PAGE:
Midnight, Mass: The TV Series

I think I’ve also mentioned before that John Rozum is like the king of supernatural adventure comics, right? Part of my evidence for that being his couple of excellent, though poorly-treated-by-Vertigo Midnight, Mass mini-series. So, can you imagine how excited I am about the announcement of a Midnight, Mass TV show? I don’t think you can. I’m still trying to get my head around the concept of that much giddiness myself.

Everything you need to know about Love and Rockets

The Hernandez Bros.’ Love and Rockets is one of those series that everyone says is a fantastic Must Read, but that I’ve never figured out how to get into. For years, the un-numbered, collected volumes prevented me from knowing where to begin.

No excuses anymore. Chris Mautner has started a new Robot 6 column called Comics College that’s intended to “(examine) the body of work of a particular cartoonist or cartoonists of note in the hopes of giving newcomers and the generally uninitiated an entry point.” As Chris continues, “There are a number of notable creators who have had lengthy careers in comics and figuring out where to start when reading their ouevre can be tricky.” That’s so true, and what’s especially cool is that he started with the series that’s been most tricky for me personally. And I didn’t even have to ask.

Thanks, Chris! I can’t wait for future installments.

September Theatrical Releases: What Looks Good

September 4

Gamer: I can’t say that I’m super excited about this, but I do like that Gerard Butler guy and I’m always up for seeing him kick some booty. The being-controlled-by-a-kid bit will either be interesting or corny, but there’s only one way to find out which.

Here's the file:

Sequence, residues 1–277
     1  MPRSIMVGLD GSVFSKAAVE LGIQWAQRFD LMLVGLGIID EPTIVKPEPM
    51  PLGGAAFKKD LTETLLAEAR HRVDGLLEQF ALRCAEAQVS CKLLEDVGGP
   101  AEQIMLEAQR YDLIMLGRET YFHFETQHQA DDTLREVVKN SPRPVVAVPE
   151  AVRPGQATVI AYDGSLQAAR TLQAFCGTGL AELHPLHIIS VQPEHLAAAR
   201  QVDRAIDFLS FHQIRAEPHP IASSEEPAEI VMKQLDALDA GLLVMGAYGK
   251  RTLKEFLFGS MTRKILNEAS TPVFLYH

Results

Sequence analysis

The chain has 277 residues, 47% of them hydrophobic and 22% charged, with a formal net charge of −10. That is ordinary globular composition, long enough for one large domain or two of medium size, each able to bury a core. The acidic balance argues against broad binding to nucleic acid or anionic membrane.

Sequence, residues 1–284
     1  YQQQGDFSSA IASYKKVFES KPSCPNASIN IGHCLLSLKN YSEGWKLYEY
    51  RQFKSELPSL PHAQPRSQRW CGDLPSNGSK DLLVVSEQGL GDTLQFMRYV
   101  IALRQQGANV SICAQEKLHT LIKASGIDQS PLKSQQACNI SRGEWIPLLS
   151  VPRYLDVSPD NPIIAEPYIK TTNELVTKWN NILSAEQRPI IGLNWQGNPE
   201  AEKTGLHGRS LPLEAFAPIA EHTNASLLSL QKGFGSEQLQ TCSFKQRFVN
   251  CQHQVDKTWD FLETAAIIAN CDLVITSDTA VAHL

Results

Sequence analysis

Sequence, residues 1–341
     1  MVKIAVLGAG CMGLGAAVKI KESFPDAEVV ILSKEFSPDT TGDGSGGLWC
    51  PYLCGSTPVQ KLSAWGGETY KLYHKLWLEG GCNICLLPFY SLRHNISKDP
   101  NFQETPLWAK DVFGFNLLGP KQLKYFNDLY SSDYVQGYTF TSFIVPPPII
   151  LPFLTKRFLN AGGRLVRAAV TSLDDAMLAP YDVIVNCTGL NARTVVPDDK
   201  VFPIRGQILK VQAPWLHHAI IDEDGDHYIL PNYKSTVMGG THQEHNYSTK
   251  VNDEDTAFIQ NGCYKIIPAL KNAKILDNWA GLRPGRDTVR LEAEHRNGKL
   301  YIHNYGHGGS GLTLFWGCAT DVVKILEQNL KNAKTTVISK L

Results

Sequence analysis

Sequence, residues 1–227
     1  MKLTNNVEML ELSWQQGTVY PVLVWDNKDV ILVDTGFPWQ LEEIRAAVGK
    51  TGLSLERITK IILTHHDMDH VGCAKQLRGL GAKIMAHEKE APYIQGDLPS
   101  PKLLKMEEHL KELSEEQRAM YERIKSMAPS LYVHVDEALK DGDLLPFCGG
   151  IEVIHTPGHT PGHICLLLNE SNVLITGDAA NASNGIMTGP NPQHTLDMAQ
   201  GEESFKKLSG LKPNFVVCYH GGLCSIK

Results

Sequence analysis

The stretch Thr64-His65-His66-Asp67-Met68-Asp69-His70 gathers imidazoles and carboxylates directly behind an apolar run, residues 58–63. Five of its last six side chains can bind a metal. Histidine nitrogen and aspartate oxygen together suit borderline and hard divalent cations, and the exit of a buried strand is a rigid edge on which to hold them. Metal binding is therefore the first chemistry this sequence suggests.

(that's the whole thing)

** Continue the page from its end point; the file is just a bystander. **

Extract: I didn’t like Office Space as much as most people I know, but I did like it and Jason Bateman’s always funny and JK Simmons is always freaking hilarious and – hey! Mila Kunis!

September 9

9: I know some perfectly sane, otherwise intelligent people who not only aren’t looking forward to this movie, but actually are kind of ticked off that it even exists. They claim that it’s some sort of dislike for Tim Burton. My theory is that they’ve been replaced by aliens who loathe all things awesome.

September 18

Cloudy with a Chance of Meatballs: I don’t remember having ever read the book that this is based on, but the trailer looks cute enough. The real reason I want to see it though is to imagine myself in a world where school-sized pancakes exist.

September 23

Astro Boy: I understand some die-hard fans are upset over changes that the movie’s making. I’ve never seen an episode of the original cartoon, so I don’t know anything about that. All I know is that it’s a good-looking movie about a boy robot fighting a cool-looking, giant robot. Assuming it doesn’t suck on it’s own merits, I can’t imagine not following it up by checking out the original on Netflix.

September 25

Surrogates: I loved the comics mini-series this is based on. Just a smart, thrilling sci-fi story and it looks like they’re doing it justice in the film.

Whiteout: The other movie coming out this week based on a favorite comic of mine. Know what’s better than a murder mystery set in Antarctica? Kate Beckinsale’s solving a murder mystery set in Antarctica.

Pandorum: Nothing about the trailer looks very original, but I like all the stuff they seem to be borrowing from. And Antje Traue looks pretty cool in a Ripley-esque/Alice from Resident Evil sort of way. I’m up for it.

Dishonorable Mention: How can a movie with Sandra Bullock, Bradley Cooper, and Thomas Haden Church – three people whom I lovelook so horrifyingly unfunny? You don’t have to answer that. The answer is that it turns Bullock into a creepy stalker and Cooper into a lying jerk who’s too passive-aggressive to tell her she’s getting on his nerves.